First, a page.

At the Technology Management in Higher Education course at InfoComm 2014, Amanda Beckner went over the current definition of a technology manager’s role.
“Technology managers ensure that professional or academic AV/IT challenges are met by efficiency, directing human and physical resources,” says Beckner, Director of Education for InfoComm International. “They guide the technological vision for organization by optimizing current AV/IT infrastructures and accounting for future introductions and trends. They use their expertise and managerial skills to provide end-users an ideal communication experiences.”
After taking a short poll using Lumi Connectors, most attending technology managers agreed that this was an accurate description of their job.
However, some technology managers said that there was more work entailed at their universities, and felt that Beckner’s definition needed tweaking. Some thought certain elements were missing in this defintion, including:
• A need for budget responsibilities
• Coordination with campus facilities
• Coordination with human resources so skills and demands are met
• Collaborating with other technology groups on campus, including those under the provost
• Managing an over-saturation of technology managers
• Learning how to train a tech team members in a managerial role
Technology managers used Lumi Connectors to vote on a an edited version of a technology manager’s role, and on which trainings future InfoComm conferences should offer.
Beckner also detailed technology managers’ four major duties and tasks, which included:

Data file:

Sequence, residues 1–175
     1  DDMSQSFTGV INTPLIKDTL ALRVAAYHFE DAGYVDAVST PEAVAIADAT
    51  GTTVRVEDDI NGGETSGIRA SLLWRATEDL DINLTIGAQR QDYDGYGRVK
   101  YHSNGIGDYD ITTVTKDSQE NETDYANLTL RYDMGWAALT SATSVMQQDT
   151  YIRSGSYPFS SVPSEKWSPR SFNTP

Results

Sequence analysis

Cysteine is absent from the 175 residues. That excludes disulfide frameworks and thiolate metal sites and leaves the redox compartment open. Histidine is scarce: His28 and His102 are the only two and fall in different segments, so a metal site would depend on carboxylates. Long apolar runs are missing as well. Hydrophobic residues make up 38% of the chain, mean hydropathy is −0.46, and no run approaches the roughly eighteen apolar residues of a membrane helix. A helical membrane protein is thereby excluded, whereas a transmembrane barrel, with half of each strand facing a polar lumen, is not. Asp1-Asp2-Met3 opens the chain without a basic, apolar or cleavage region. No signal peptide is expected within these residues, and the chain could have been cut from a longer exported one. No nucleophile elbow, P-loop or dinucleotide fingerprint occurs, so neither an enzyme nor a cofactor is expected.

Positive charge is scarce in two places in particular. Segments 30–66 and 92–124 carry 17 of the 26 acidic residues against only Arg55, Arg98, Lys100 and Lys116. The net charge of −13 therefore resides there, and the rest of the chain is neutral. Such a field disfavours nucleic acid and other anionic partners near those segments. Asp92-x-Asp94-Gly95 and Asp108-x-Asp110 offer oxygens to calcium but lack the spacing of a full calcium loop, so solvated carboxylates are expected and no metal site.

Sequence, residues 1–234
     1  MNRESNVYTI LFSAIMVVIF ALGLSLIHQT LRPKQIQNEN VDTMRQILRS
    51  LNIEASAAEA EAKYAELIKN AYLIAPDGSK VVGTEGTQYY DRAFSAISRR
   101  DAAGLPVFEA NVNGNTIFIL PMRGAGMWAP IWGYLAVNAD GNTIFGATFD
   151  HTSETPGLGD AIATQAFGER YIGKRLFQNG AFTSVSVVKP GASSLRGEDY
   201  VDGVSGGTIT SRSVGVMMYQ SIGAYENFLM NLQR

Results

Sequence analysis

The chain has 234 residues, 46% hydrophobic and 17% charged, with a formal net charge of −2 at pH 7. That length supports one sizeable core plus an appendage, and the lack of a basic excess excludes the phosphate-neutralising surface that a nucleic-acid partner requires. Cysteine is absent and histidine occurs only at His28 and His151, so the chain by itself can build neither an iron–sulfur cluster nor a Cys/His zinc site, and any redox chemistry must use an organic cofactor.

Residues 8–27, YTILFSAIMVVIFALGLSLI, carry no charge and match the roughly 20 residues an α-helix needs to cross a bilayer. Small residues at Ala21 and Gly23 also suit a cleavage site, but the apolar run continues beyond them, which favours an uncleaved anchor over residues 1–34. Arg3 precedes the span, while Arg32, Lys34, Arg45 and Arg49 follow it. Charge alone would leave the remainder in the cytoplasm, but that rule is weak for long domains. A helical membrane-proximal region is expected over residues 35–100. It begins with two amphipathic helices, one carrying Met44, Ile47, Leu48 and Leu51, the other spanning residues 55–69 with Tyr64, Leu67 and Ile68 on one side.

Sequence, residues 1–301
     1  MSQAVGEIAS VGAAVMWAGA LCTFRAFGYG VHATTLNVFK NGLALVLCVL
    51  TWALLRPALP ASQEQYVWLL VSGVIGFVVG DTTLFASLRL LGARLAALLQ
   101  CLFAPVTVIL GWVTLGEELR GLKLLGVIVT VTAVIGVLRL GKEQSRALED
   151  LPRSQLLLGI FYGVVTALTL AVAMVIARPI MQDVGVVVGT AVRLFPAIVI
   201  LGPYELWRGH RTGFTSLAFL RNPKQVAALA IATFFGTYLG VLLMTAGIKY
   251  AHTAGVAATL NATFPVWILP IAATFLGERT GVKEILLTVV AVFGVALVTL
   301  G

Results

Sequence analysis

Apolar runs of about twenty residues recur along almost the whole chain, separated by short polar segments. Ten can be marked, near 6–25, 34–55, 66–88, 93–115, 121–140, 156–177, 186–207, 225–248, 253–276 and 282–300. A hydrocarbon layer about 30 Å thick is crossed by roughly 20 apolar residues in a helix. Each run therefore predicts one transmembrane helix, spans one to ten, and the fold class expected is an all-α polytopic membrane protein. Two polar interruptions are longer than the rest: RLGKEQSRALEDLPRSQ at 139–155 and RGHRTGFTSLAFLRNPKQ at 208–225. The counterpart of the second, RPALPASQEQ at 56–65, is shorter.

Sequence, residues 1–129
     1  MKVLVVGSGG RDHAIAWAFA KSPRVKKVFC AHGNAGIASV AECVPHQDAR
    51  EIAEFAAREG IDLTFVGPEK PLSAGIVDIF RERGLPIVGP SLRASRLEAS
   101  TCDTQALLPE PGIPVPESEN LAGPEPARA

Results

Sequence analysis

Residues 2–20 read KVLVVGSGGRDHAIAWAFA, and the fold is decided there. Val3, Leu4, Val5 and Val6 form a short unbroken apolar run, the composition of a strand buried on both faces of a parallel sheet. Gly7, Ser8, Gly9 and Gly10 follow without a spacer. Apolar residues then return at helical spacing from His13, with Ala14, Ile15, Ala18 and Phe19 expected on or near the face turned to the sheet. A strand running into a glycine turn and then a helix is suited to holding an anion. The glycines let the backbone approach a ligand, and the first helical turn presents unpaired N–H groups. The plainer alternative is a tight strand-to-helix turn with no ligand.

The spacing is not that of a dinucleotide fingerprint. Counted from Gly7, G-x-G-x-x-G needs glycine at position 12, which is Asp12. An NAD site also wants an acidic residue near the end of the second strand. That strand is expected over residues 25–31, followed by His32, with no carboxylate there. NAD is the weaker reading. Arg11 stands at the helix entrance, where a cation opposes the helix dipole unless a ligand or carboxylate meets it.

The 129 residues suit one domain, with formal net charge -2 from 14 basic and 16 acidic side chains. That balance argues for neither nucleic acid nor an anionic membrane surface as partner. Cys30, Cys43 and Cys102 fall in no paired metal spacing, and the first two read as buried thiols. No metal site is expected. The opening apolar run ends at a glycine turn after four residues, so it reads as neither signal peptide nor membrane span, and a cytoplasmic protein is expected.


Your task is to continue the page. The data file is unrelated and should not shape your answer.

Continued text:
1) Delivering Service
• Evaluating end-users’ needs
• Creating or updating a catalog of services
• Training support staff
• Training end-users
2) Overseeing Project Delivery
• Identifying stakeholder requirements
• Building and prioritize project portfolio
• Developing a project scope
• Selecting system verification criteria
3) Managing and Balancing Resources
• Managing communications
• Managing technology
• Managing process
• Managing people
4) Providing leadership on the technology evolution
• Managing change
• Influencing technology and facility decisions
• Evaluating emerging technologies
• Developing technology roadmaps
Beckner asked the technology managers in the audience to vote on which of these duties and tasks they would like future InfoComm conferences to feature training for.
The majority of technology managers voted for more training on developing projects scopes, building and prioritizing project portfolios, training end users and support staff, evaluating end users’ needs and coordinating project resources.